A team of more than 10 surgeons from Gothenburg University, who had trained for years, completed the pioneering procedure “without complications”.
The women will now wait a year for the two wombs to settle before doctors attempt to implant embryos. Both have already undergone IVF and the resultant embryos are being stored in the deep freeze.
One of the daughters had her uterus removed many years ago due to surgery for cervical cancer, while the other was born without the organ.Should the pregnancies be successful the women will give birth to babies who are genetically their own, as the doctors took eggs from their functioning ovaries.Michael Olausson, one of the surgeons, said:
“We are not going to call it a complete success until this results in children.”The university has decided to keep the identities of the four women, who are Swedish, a secret for now.
However, one of the two recipients, identified only by the name Anna, said she realised some may criticise the operation on ethical grounds, but that for her it simply meant restoring a bodily function, of which she had been deprived by cancer.
“It feels huge to be able to experience this,” she said in comments posted on the website of the Sahlgrenska hospital.
She said there were still no guarantees she and her boyfriend would be able to conceive. “We have received a wonderful opportunity, and if it works out it is a lovely bonus.”
Should the women go on to give birth it would mark a new chapter in the remarkable story of fertility treatment, according to Professor Simon Fishel, one of Britain’s leading IVF specialists.He said: “This is exciting for a group of women who require surrogate mothers to have children, due to womb defects or having no womb at all.”
Last year Care Fertility, the IVF clinics he runs, enabled 20 women to have children by implanting embryos created using their eggs into surrogate mothers.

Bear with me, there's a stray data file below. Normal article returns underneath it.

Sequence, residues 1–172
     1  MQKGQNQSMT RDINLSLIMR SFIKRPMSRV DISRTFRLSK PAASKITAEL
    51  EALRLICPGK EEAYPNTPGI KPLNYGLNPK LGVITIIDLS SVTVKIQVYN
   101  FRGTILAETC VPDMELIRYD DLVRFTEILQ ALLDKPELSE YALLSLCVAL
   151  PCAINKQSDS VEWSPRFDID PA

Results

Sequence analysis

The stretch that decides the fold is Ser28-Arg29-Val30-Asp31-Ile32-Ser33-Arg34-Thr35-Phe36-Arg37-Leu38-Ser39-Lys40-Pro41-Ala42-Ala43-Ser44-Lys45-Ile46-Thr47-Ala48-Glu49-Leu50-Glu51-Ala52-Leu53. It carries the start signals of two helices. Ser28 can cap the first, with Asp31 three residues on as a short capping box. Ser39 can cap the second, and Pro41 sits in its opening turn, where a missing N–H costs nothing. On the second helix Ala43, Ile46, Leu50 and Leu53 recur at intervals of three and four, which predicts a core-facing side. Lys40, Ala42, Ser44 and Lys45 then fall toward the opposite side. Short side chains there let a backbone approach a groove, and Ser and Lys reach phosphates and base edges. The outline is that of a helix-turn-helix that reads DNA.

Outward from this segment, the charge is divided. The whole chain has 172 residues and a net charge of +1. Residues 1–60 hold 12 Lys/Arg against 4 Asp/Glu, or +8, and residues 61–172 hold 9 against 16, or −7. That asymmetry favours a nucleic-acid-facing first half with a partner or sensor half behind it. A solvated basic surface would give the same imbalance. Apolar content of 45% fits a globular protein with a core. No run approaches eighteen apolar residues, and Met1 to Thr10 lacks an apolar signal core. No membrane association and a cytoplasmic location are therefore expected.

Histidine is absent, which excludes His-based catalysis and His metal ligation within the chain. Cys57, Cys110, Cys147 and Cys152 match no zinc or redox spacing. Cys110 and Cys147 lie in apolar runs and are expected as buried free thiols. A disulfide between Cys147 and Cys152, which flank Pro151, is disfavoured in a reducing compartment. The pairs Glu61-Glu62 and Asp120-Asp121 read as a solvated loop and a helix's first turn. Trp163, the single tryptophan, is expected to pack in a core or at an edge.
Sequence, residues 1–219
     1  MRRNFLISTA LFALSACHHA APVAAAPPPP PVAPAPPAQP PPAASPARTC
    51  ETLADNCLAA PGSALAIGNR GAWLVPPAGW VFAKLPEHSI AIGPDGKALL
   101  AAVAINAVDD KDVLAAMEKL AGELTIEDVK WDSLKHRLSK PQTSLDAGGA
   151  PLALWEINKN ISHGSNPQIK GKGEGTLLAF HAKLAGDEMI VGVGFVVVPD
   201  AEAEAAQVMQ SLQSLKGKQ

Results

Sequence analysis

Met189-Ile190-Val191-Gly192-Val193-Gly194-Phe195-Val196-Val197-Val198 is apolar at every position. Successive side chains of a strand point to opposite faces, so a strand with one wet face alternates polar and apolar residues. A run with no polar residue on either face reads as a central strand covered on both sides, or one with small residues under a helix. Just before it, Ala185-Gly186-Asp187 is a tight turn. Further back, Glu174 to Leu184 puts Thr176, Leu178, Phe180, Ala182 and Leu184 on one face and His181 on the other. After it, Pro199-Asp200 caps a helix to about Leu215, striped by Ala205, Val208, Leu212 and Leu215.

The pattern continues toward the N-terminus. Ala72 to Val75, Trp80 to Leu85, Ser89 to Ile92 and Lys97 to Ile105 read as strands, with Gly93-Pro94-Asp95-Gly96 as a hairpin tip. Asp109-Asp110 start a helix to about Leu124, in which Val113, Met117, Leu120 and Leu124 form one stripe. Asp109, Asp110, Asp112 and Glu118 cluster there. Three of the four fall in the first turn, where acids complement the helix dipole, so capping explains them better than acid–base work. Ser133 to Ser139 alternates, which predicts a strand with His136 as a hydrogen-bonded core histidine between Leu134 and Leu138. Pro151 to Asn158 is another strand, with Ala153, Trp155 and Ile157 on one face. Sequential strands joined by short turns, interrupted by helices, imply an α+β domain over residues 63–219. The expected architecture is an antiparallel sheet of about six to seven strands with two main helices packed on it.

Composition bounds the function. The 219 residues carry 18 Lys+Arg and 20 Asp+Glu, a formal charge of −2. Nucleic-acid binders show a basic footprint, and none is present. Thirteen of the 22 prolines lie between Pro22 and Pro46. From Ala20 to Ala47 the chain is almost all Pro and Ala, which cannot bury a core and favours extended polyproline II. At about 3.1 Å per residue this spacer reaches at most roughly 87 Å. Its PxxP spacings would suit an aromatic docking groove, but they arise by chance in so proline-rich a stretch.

Gothenburg University estimates 2,000 women aged 20 to 40 in Sweden could benefit from womb transplantation. On that basis, there are perhaps 10,000 in Britain who could do so.
However, Prof Fishel said there was still a long way to go before the technique was shown to work.
A transplanted womb could be rejected, he noted, or develop blood clots that required its removal.
Exactly that happened to a 26-year-old women in Saudi Arabia in 2000, three months after receiving the world’s first womb transplant, from a 46-year-old living donor.
Nor has there been any news from a Turkish hospital, which gave a 21-year-old woman a womb from a recently deceased donor last August.
Although the mothers of the Swedish recipients are likely to be in their 50s or 60s, Prof Fishel said the wombs of older women had been found to function well enough to bear healthy children.
Mats Brannstrom, professor of obstetrics and gynaecology at Gothenburg University, said he had been working on the project since 1999.
That year an Australian woman, whose womb he had removed due to cancer, asked him: “Why can’t you transplant the uterus from my mother into me?”
After talking to a colleague they thought: “Maybe this could be a possibility.”
He assembled a team to demonstrate the technique first in animals. They succeeded in mice and larger animals, before trying in baboons. The transplant was a success but the baboon has yet to successfully grow a baby.
But Liza Johannesson, a gynaecological surgeon, said human womb transplantation was “easier”.
“We think we know we have a good chance of getting children,” she said.